Birding in Hong Kong was very limited for the 'sometimes crew... Four sites were birded during the week stay - Kowloon Park, Hong Kong Park, Hong Kong Botanical/Zoological Gardens and Hong Kong Wetlands, near Tin Shui Wai to the north-west of Hong Kong.
The masked laughingthrush (above) was photographed in Kowloon Park ~ tribes of this species roamed the hedge-rows and were quite bold. Kowloon Park also held a small flock of breeding alexandarine parakeet (we had a minimum of 11 one morning), black-necked starling, a large residence of black-crowned night heron, a pair of crested goshawk, while yellow-browed warbler and pallas's warbler felt more familiar. The first of several grey form (commixtus) great tit were also present, none of which were photographable as they fed in dense cover.
Hong Kong Park added black-throated laughingthrush to the holiday list (tho these birds are descended from captive birds) and fork-tailed sunbird were present in the canopy. None of the hoped for siberian rubythroat, rufous-tailed robin etc could be found...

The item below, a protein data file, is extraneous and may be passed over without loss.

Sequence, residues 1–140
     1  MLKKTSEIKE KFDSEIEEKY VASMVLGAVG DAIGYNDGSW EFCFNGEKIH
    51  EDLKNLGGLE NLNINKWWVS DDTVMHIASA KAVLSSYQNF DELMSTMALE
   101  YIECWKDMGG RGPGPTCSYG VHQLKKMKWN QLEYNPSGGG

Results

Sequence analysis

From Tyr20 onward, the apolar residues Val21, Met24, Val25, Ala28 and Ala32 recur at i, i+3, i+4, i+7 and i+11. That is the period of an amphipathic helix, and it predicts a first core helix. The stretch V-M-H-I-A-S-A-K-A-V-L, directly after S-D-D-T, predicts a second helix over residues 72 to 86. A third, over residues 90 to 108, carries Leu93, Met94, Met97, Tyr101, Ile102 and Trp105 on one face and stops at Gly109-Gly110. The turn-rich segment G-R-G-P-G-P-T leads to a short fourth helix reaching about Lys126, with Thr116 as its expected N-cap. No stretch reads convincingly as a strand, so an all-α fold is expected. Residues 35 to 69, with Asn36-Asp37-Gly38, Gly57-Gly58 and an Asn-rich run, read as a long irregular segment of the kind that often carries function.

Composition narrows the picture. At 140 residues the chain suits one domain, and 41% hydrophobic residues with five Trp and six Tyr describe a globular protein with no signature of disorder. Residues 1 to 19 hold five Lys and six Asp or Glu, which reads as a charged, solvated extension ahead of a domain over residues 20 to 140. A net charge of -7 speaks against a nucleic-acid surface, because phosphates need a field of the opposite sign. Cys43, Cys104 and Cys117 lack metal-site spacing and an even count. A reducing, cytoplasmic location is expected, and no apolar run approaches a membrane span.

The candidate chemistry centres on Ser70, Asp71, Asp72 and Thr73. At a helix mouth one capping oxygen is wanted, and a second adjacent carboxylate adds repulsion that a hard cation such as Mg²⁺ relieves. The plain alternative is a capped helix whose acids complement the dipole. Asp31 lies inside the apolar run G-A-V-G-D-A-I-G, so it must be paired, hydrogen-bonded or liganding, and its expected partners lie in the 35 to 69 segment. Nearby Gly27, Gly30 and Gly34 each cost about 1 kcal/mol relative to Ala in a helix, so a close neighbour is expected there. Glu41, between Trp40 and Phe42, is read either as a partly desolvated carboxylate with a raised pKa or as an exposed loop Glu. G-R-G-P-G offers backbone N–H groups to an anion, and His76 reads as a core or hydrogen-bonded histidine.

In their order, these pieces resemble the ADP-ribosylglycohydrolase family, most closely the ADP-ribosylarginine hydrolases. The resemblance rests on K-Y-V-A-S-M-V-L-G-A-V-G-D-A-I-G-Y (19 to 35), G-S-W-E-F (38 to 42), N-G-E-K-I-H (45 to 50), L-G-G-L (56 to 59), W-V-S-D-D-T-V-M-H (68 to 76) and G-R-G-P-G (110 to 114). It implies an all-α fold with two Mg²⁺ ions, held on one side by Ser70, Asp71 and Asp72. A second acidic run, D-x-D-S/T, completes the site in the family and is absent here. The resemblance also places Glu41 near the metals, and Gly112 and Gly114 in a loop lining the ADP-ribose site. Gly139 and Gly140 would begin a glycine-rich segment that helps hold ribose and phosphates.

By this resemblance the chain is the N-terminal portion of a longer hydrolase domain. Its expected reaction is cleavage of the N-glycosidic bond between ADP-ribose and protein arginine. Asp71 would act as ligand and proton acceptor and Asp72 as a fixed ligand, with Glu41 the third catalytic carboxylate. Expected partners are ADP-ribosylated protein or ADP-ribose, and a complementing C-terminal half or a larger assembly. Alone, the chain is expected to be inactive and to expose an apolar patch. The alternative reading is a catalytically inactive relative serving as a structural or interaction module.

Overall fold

The bulk of the birding was at the wetland reserve - an impressive visitor centre marks the reserve entrance, and conveniently it contains a decent cafe too!
Very popular with families when we visited on January 1st, the site is clearly popular... though most were there for a day out rather than specifically the birds.
Bulbuls were evident near the visitor centre, with red-whiskered (crested), sooty-headed and, above, chinese loafing about. On the water, moorhen, great cormorant, teal, pintail, shoveler and grey heron were very familiar...
Daurian redstart were abundant, this confiding bird was near the river hide. At one point it shared a bush with a yellow-browed warbler and siberian stonechat! On the river there were more of the familiar waterbirds that have already been mentioned, but a black-capped kingfisher was new for me.
The grey-backed thrush (above) was photographed near the mudflat hide - this is a female - quite a stunner!
The star(s) of the show were on the mudflats - viewed distantly from the hide were a group of 16 black-faced spoonbill. In typical spoonbill fashion, they remained mostly asleep! Bit odd seeing them with so many grey heron... A few great egret and little egret were also present, while waders included greenshank, common sandpiper, marsh sandpiper and impressive little-ringed plover numbers. White wagtail fed on the shore and in cut grass, and appeared to be of the leucopsis race.